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In a C# application I use the following code to determine existing local windows accounts (inkl. filtering build-in security principals for some reasons):

ManagementObjectSearcher searcher = new ManagementObjectSearcher("Select * from Win32_Account Where LocalAccount = True AND Status = 'OK' AND (SidType = 1 OR SidType = 5)" + 
                 " AND (SID <> 'S-1-3-3' AND SID <> 'S-1-3-2' AND SID <> 'S-1-5-9' " + 
                 "      AND SID <> 'S-1-5-8' AND SID <> 'S-1-5-10' AND SID <> 'S-1-5-12' " + 
                 "      AND SID <> 'S-1-2-0')");
ManagementObjectCollection objects = searcher.Get();
foreach (ManagementBaseObject obj in objects)
{
    ....
}

Now I am looking for an alternative method/way to determine existing local windows accounts like above because this method is not very stable --> sometimes an COMException is thrown ( when executing searcher.Get() ):

System.Runtime.InteropServices.COMException (0x800706BA) at System.Runtime.InteropServices.Marshal.ThrowExceptionForHRInternal(Int32 errorCode, IntPtr errorInfo) at System.Management.ManagementObjectCollection.ManagementObjectEnumerator.MoveNext()

The exception occurs non-determinstic in my opinion.

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What is the message/content of the COMException? –  ChrFin Jul 6 '11 at 11:54

2 Answers 2

I do not exactly understand what u need but here is a good example of getting all windows accounts on the system

http://csharptuning.blogspot.com/2007/09/how-to-get-list-of-windows-user-in-c.html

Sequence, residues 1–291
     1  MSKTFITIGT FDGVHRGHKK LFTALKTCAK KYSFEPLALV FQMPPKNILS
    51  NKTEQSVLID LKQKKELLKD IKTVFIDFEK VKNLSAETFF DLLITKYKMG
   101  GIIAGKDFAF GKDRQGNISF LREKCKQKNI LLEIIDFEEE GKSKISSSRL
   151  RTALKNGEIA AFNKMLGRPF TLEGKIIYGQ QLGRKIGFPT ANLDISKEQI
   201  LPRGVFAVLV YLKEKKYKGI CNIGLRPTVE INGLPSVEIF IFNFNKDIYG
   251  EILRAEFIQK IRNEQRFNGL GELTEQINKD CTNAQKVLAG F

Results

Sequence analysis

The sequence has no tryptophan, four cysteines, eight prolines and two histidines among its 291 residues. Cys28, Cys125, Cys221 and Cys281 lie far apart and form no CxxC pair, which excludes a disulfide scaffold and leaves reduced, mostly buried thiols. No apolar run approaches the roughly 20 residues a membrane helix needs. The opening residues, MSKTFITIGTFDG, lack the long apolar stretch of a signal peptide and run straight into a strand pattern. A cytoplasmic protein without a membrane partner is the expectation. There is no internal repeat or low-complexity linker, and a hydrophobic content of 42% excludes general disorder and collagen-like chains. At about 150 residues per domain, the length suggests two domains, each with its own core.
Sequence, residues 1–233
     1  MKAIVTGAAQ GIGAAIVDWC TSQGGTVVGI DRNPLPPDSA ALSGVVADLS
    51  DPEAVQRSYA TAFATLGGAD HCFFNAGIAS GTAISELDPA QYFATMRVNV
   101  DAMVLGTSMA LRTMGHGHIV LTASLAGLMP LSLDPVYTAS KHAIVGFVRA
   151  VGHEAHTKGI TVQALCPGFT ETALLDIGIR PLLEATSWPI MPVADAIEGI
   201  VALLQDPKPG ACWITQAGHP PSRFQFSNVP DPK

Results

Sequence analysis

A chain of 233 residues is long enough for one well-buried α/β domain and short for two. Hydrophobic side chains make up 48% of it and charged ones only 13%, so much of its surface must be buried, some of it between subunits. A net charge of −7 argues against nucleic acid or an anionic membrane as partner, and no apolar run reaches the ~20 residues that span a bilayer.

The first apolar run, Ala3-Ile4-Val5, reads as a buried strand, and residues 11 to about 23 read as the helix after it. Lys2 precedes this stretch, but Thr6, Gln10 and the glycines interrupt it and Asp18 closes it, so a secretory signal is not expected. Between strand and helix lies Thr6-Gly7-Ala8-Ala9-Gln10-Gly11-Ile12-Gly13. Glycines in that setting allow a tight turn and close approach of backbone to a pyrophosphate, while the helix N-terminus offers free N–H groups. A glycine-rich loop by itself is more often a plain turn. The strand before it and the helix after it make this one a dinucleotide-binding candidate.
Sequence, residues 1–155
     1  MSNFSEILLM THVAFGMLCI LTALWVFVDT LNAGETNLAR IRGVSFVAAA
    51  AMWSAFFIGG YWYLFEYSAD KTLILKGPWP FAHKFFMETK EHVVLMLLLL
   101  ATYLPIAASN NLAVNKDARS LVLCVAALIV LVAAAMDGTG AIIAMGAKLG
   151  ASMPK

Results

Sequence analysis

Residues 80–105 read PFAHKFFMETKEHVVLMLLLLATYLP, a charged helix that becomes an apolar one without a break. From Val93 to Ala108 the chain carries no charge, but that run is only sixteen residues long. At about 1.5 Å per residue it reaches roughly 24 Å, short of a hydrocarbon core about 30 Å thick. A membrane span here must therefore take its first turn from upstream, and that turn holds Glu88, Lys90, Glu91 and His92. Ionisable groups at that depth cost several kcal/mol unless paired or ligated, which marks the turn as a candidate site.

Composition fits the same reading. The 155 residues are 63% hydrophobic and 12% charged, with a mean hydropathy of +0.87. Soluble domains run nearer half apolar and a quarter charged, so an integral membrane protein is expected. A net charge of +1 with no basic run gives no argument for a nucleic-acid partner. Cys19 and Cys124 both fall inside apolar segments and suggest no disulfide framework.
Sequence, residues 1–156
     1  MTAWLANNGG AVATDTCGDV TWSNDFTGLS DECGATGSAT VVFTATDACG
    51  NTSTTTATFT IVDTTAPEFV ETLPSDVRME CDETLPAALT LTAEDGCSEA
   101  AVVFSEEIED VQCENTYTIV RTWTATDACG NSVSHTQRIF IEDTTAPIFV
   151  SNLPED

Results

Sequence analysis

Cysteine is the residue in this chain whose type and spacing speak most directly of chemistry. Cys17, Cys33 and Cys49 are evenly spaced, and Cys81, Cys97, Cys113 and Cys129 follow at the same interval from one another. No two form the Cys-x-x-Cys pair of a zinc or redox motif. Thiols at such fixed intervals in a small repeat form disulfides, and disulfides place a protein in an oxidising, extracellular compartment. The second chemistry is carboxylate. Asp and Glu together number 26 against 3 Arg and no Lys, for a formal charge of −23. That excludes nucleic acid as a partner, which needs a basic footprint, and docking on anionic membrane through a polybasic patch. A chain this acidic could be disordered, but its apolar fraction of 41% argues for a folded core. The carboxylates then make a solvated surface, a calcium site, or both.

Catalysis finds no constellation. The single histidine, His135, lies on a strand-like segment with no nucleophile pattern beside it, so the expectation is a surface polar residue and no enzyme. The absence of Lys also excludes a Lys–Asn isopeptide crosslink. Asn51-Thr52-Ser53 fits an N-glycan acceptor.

and to get current system user u simply write

System.Security.Principal.WindowsIdentity.GetCurrent()

you can also do something like this

static void Main(string[] args)
    {
        SelectQuery query = new SelectQuery("Win32_UserAccount");
        ManagementObjectSearcher searcher = new ManagementObjectSearcher(query);
        foreach (ManagementObject envVar in searcher.Get())
        {
            Console.WriteLine("Username : {0}", envVar["Name"]);
        }

        Console.ReadLine();

    }
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If you're on .NET 3.5 and up, you should check out the System.DirectoryServices.AccountManagement (S.DS.AM) namespace. Read all about it here:

Basically, you can define a context (including a "machine" context for the local accounts), and then easily find users and/or groups:

// set up domain context
PrincipalContext ctx = new PrincipalContext(ContextType.Machine);

// find all users - define a "UserPrincipal" as your "QBE" principal
UserPrincipal qbeUser = new UserPrincipal(ctx);

// enumerate all users
PrincipalSearcher searcher = new PrincipalSearcher(qbeUser);

foreach(Principal p in searcher.FindAll())
{
    // do something here
}

The new S.DS.AM makes it really easy to play around with users and groups in AD:

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